4. I just finished changing the transmission oil & filter on my 2014 silverado with 5.3 engine. I tried every conceivable angle and could not slide the pan past the exhaust pipe that sits below it, as others claimed they did. I think its possible there are variations in the exhaust bends that allow some to achieve removal of the pan with no problem. Mine was hanging up on the left rear corner (if looking towards back of truck, right next to what appears to be a wire connector) . But I only needed a small amount of extra clearance and was able to get this by placing a small piece of 2x4 and a couple tapered wood shims between the floor of truck and top of resonator (I think) ahead of the flexible joint, just pulled down on pipe and wedged in shims by hand , that's all I needed, so I don't think I stressed anything. Really, if your not concerned about replacing that sealing sleeve that the tube of the filter fits into, you can pull the filter down with the pan hanging there and remove it from the pan and also wipe out the pan, change the gasket if desired, clean the magnet, etc. without too much problem. I opted to change the sleeve and couldn't see how I could get it done with the pan in the way, although I'm not saying it can't be done. At any rate , the sleeve is up inside a cavity in the housing and you can't get to it from the side. I took a big screwdriver, positioned so I caught the edge of the sleeve and adjacent housing , turned it sideways and in doing so crimped the sleeve inwards. Was able to get it out without touching or damaging the bore that the sleeve slides up into, but it took some time and had me sweating bullets till it finally came out. I used a 15/16 deep well socket to press the new sleeve up into place. I bought a new gasket beforehand but in reality my old gasket looked pretty good and could have been used again. I had done a previous 5 quart change a couple weeks before this by using a vacuum system to draw out the oil via the dip stick tube; actually I pulled most of the oil out the same way before I unbolted the pan, so i didn't have to deal with that mess while laying under the truck. I have 47k miles on the truck. I used 12 quarts of dexron v1 all toll between the two changes.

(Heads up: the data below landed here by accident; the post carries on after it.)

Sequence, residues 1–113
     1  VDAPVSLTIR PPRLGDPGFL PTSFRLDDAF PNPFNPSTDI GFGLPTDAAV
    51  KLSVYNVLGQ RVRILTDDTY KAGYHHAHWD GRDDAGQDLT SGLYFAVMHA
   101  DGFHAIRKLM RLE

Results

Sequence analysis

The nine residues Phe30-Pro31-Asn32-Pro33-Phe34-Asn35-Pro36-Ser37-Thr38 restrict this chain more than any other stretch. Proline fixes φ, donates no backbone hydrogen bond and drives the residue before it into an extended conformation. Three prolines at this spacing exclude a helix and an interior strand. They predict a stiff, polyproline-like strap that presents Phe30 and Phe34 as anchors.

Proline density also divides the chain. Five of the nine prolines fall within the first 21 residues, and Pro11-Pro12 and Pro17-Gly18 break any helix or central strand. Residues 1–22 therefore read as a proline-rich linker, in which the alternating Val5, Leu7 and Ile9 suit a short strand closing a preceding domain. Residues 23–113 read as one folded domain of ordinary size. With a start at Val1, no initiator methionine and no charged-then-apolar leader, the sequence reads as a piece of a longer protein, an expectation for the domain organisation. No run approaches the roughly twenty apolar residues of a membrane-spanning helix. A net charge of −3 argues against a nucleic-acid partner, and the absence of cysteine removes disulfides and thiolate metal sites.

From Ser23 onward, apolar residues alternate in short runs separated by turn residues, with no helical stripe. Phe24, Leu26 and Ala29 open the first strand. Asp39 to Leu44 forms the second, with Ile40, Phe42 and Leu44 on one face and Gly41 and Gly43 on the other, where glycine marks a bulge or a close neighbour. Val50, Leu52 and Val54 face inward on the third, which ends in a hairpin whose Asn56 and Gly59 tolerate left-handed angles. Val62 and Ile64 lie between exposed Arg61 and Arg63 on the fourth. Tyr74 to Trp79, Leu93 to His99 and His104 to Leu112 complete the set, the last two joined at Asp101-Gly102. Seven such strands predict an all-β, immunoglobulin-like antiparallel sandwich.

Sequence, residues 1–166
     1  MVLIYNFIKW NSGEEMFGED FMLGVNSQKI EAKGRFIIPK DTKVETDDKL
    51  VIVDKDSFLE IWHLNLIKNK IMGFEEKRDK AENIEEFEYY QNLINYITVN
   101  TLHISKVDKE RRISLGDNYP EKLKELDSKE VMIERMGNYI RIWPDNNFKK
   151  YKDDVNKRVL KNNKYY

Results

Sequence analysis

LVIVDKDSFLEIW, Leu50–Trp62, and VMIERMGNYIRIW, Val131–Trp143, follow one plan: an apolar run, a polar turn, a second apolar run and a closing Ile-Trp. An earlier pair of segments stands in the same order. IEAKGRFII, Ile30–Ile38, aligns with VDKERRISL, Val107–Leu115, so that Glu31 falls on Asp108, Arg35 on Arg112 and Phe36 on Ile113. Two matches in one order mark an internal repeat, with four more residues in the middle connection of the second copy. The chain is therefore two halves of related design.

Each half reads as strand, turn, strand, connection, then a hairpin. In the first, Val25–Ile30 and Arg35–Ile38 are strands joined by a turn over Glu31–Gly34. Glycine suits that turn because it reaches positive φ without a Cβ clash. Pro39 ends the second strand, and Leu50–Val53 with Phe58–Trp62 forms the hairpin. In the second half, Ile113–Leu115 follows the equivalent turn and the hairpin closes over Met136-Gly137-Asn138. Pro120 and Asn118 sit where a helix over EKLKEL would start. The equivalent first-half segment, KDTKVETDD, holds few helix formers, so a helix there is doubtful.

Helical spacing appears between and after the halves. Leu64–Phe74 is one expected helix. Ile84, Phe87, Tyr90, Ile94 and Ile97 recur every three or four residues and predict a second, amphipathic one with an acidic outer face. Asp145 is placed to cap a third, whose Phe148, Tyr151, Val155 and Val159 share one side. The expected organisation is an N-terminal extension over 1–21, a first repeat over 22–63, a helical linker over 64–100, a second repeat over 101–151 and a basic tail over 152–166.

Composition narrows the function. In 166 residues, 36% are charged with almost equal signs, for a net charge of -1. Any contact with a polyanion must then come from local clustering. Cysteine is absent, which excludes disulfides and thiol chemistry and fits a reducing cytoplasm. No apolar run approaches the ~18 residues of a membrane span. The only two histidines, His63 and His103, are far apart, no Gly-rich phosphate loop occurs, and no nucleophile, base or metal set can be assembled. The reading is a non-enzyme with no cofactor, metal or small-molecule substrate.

5. Not sure where this should go but I own 2014 silverado crew cab. I purchased a Extang trifold hard cover when new. It Started leaking water into the truck bed after a few months and the company sent me a new cover under warranty. The new cover, that was supposed to be an upgrade leaked more than the original and there's no further warranty. Last time I washed the truck it was a cold day and I noticed all the water that was puddled on the top panels was slowly disappearing, figured it can't be evaporating so looked inside underneat the panels and could plainly see the water dripping across the panels (side to side) where they are pressed into the retangular framing.So obvious the water was leaking from the top panels into and around the frame that holds them. I bought a small tube of black silicone sealer and put a small bead of silicone around each panel where the dimpled surface goes into the frame that supports it and pressed it in as much as I could by wiping along the edge with my finger; I did this two times and was amazed at how much silicone went under those edges. At any rate, it stopped the leakage and you can hardly see the silicone. If I can post a picture, I will do so. Originally I thought it was the two hinge joints that were leaking but that was not the case. Hope this helps someone! Don C.